The European Central Bank’s governing council meets later
this week, followed by a press conference by President Mario Draghi on Jan. 12. The Frankfurt-based central bank will leave
its key refinancing rate at 1 percent, according to the median
of 51 forecasts in a Bloomberg News survey.
In contrast with European numbers, US economic data have
signaled improvement. Job growth picked up in December and
consumer credit jumped by $20.4 billion in November, reports in
recent days showed. A release today may indicate a monthly gain
in wholesale inventories in November, with restocking forecast
to add to gross domestic product.
In Asia, China’s import growth fell to a two-year low in
December, underscoring a slowdown in the fastest-growing major
economy. The moderation caused the trade surplus to increase to
$16.5 billion in the month, as exports advanced 13.4 percent in
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House sources tell FOX Business that the attorney for former MF Global chief Jon Corzine has requested additional time to make a statement during testimony he’s scheduled to give at the first of three congressional hearings on the implosion of the brokerage firm.
The request for additional time to 10 minutes from the five minutes normally allotted to witnesses is seen as an indication among staffers involved in tomorrow’s hearings that “Corzine will say what he’s going to say in his statement, and not much more.
Some congressional staffers say they expect Corzine will dodge questions from members of the House Agriculture Committee or exercise his Fifth Amendment rights against self incrimination. But FOX senior judicial analyst Judge Andrew Napolitano says courts have made it difficult for witnesses to plead the Fifth selectively, particularly after making public comments about the matter under investigation.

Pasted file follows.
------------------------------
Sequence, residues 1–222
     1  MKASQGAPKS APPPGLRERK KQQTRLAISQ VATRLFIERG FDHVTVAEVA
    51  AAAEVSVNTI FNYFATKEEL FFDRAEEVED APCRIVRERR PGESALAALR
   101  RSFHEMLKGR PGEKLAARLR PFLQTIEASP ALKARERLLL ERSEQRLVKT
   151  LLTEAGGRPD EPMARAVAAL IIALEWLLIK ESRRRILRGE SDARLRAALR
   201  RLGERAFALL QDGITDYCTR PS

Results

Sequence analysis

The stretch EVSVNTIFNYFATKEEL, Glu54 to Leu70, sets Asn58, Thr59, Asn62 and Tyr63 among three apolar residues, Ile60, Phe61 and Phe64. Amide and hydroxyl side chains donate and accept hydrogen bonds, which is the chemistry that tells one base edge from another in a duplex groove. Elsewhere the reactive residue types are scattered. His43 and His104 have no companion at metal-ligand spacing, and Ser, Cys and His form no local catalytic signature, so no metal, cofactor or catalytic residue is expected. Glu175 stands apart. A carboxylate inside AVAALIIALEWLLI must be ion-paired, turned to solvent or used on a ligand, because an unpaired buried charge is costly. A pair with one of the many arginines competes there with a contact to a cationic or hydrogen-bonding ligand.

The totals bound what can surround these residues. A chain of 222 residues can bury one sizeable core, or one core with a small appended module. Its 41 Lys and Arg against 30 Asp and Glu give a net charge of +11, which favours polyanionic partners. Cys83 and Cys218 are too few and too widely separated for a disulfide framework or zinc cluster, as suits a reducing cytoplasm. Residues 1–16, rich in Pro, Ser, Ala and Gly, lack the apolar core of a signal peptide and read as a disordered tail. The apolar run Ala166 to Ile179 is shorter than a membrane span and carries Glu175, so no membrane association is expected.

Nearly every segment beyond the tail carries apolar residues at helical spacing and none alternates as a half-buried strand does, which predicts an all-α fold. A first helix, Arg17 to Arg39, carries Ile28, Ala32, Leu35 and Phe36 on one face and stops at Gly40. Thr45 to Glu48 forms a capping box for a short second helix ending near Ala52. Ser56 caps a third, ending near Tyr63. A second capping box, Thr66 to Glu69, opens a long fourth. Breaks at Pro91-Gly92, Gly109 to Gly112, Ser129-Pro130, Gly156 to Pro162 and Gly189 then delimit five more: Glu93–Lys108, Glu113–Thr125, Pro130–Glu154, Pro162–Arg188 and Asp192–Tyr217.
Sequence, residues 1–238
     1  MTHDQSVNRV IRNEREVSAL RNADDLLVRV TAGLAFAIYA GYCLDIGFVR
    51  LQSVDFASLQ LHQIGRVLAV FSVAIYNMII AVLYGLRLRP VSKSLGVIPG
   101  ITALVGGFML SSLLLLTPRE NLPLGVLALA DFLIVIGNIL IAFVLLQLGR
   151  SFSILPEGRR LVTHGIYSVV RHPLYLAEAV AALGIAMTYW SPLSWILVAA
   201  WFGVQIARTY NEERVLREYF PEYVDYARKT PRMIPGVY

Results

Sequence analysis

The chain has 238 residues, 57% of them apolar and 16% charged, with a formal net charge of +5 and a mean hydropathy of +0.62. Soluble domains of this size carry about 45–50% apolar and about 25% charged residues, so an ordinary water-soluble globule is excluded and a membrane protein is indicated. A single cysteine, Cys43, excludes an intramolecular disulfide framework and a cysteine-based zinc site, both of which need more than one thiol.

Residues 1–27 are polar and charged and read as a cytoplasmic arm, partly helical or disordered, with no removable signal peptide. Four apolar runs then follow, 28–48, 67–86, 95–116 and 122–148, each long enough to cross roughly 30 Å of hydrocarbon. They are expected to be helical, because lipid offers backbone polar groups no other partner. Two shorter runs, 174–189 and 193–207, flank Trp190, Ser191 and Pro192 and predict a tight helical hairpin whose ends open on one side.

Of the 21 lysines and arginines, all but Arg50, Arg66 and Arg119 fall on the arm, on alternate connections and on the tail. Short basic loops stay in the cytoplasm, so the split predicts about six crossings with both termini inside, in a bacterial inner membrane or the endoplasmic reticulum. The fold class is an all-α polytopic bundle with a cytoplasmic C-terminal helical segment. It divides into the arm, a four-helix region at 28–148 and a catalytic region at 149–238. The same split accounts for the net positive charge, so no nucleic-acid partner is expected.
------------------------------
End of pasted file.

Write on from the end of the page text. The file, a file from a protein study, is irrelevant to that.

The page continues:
A spokesman for Corzine didn’t return calls for comment.
The House Agriculture Committee on Thursday is scheduled to hear testimony from several witnesses, including Corzine, regarding the brokerage’s demise. It was Corzine who changed MF Global’s business model from a plain-vanilla brokerage firm of commodities to a risk-taking outfit not unlike a hedge fund that ultimately led to its sudden downfall last month.
A slew of securities regulators — including the Commodity Futures Trading Commission as well as the US Attorney’s office for the Southern District of New York — have launched investigations into MF Globals demise, focusing on whether executives made false statement about the firm’s financial health prior to its bankruptcy, as well as the circumstances behind the missing money.
Expedia Plans to Spin Off TripAdvisor Business Around Dec. 20
December 07, 2011, 6:05 AM EST
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By Ari Levy
Dec. 6 (Bloomberg) — Expedia Inc. plans to spin off its TripAdvisor Inc. unit as a publicly held business around Dec. 20, letting investors bet on its fast-growing travel- recommendation service.
The TripAdvisor spinoff, first announced in April, was “overwhelmingly approved” by Expedia stockholders at its annual meeting, the Bellevue, Washington-based company said today in a statement. As part of the move, Expedia will consolidate its shares with a reverse 1-for-2 stock split.
After the TripAdvisor deal, all of its outstanding stock will be held by Expedia shareholders. TripAdvisor will be listed on the Nasdaq Stock Market under the ticker symbol TRIP and headquartered in Newton, Massachusetts.
The move will let shareholders benefit from the success of TripAdvisor, a smaller business that is outpacing Expedia’s main operations. In the third quarter, sales at TripAdvisor climbed 30 percent to $180.8 million, double the growth rate of Expedia, which recorded revenue of $1.14 billion. TripAdvisor includes 19 travel and advertising brands.
Expedia shares fell less than 1 percent today to $28.81. The stock has gained 15 percent this year.
–Editors: Nick Turner, Stephen West